Prize: Invisible (Clear) Vinyl LPMI0747LPX
Label: Memphis Industries
Release Date: 13th January
The warmth that Rozi Plain radiates on their records, you feel like you're in an electronic folk psychedelic jazz nest. Sounds like a decent place to chill.
Over the course of four albums, Rozi Plain’s hypnotic, gently askew songs have steadily sauntered their way from her birthplace of Winchester, reverberated through the bustling Bristol DIY scene, to where they now emanate from London’s creative epicentre. Acquiring a worldliness that’s reflected in her travels as a touring musician, each consecutive release has broached new sonic territory, whilst retaining a home-grown intimacy and a familial warmth of spirit.
On ‘Prize’, her upcoming fifth long-player, due for release on Memphis Industries, Rozi’s unique, heartfelt approach continues to prevail, marking her as one of our most innovative and engaging songwriters.
At the core of Rozi’s idiosyncratic sound, there is a keening for simplicity; a recurring urge to strip things back to their essence, to reveal their innate beauty. Rozi uses her singular unaffected vocal accompanied by an electric guitar she built herself. Chords are broken into cyclical, meditative patterns of plucked staccato figures. These punchy, quietly complex entrancing arpeggios reel you in, crucially allowing room for reflection and collaboration.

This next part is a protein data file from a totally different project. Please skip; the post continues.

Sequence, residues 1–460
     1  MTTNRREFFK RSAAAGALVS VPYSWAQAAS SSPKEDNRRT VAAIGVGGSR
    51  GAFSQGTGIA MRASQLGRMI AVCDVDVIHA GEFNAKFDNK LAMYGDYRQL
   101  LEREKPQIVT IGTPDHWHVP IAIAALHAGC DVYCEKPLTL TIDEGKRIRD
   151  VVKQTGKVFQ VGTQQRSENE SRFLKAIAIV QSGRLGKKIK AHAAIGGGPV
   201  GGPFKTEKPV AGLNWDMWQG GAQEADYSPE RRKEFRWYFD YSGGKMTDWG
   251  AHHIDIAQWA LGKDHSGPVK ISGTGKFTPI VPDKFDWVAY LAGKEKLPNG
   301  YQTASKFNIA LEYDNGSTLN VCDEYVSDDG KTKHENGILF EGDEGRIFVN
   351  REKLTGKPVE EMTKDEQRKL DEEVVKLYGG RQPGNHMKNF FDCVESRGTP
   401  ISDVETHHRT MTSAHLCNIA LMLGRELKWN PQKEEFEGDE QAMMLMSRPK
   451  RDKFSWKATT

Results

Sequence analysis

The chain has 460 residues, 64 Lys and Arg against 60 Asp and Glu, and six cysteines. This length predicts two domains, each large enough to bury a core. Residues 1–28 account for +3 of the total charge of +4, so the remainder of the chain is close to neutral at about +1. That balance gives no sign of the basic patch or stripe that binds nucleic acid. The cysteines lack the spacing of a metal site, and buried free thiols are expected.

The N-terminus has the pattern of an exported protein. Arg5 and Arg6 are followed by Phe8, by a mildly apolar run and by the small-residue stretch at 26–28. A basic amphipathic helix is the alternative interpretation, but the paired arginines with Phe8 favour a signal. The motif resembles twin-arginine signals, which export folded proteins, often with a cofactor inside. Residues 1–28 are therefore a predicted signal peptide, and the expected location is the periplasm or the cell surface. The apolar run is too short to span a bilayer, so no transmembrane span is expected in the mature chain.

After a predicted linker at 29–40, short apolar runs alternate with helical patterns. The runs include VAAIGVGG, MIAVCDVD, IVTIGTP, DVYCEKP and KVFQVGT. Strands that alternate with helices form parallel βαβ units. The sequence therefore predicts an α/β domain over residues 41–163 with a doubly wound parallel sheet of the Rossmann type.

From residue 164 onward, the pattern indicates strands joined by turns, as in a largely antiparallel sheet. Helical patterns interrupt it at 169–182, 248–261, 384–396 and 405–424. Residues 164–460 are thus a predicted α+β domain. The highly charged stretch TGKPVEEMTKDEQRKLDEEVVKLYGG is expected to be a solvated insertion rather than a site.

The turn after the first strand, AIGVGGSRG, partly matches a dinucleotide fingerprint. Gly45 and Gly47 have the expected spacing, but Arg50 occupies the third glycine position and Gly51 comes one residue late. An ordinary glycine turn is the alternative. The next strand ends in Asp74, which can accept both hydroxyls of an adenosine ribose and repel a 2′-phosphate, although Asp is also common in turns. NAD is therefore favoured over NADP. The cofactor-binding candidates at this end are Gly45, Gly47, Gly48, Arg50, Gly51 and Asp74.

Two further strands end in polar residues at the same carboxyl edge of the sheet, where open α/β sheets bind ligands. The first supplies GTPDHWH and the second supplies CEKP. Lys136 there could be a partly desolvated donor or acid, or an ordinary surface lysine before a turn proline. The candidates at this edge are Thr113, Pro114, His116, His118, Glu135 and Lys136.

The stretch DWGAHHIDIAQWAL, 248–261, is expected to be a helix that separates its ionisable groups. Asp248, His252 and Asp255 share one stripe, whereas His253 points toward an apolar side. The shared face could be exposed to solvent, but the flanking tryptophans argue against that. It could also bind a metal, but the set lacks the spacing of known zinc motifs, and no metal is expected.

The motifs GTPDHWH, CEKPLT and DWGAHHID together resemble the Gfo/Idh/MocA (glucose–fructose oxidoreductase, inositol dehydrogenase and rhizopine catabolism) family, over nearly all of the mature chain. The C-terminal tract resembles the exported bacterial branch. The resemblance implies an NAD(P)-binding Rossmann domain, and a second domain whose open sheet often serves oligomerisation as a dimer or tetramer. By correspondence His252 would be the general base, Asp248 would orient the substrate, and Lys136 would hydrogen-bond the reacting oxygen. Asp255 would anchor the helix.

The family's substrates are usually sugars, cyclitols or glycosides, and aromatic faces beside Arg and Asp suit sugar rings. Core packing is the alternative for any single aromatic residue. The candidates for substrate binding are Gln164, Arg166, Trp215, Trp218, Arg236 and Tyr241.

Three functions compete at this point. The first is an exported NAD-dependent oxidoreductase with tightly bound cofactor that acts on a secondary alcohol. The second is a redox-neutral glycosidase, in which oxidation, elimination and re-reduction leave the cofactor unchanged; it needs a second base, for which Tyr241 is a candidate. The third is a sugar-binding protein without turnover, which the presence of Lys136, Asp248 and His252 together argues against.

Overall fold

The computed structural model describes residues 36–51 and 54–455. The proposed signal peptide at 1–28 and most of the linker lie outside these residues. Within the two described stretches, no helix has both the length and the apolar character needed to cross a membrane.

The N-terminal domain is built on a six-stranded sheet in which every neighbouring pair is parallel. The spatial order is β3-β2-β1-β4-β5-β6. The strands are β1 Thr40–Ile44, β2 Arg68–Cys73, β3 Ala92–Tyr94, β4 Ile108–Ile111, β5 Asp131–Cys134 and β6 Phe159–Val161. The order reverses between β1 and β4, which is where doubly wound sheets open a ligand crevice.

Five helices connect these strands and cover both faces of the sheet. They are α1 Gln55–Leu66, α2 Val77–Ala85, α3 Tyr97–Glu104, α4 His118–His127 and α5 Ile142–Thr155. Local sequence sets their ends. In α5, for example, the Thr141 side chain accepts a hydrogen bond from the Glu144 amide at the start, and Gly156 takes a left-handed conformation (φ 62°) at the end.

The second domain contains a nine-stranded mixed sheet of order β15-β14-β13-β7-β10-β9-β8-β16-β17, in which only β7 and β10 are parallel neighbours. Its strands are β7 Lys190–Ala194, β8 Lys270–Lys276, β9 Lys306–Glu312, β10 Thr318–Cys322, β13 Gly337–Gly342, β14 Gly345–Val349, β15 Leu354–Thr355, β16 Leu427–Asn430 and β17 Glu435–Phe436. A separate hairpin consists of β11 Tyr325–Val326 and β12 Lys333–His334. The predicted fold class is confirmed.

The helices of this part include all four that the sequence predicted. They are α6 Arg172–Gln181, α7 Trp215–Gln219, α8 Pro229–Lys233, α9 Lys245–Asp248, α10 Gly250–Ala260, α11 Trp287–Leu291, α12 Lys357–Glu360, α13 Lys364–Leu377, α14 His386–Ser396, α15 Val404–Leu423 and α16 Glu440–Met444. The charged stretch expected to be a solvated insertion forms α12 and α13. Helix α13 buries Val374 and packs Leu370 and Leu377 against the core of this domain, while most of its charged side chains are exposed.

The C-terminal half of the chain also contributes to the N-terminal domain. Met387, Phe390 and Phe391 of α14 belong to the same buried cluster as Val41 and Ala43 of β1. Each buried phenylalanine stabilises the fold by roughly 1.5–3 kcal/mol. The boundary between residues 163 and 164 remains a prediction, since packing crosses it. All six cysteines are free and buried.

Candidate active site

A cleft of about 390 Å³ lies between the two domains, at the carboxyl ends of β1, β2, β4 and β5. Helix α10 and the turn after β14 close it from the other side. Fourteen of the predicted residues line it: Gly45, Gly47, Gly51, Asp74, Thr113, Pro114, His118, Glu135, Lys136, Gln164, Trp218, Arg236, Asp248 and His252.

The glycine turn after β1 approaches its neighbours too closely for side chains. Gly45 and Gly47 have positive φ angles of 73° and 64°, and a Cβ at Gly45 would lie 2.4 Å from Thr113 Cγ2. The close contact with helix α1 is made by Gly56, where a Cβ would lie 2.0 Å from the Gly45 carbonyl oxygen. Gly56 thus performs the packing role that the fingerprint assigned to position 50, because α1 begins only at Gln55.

On ‘Prize’, Rozi has assembled her widest cast of players to create an album that not only preserves the intimacy of her signature guitar-and-vocal sound, but accentuates these moments of calm, and explosive emotion, midst a soaring, collective spirit.
From the blissful vocals of This Is The Kit’s Kate Stables and Alabaster DePlume’s soft saxophone on ‘Agreeing For Two’, to the call-and response vocals on ‘Prove Your Good’; from the expansive instrumentation and ornately co-ordinated arrangements of ‘Help’ and ‘Sore’, to the sublime synth celebration explorations of ‘Painted The Room’, and the woozy jazz-inflected ‘Spot Thirteen’; there’s a sense of togetherness, and the very process of coming together, that permeates throughout the album’s ten tracks.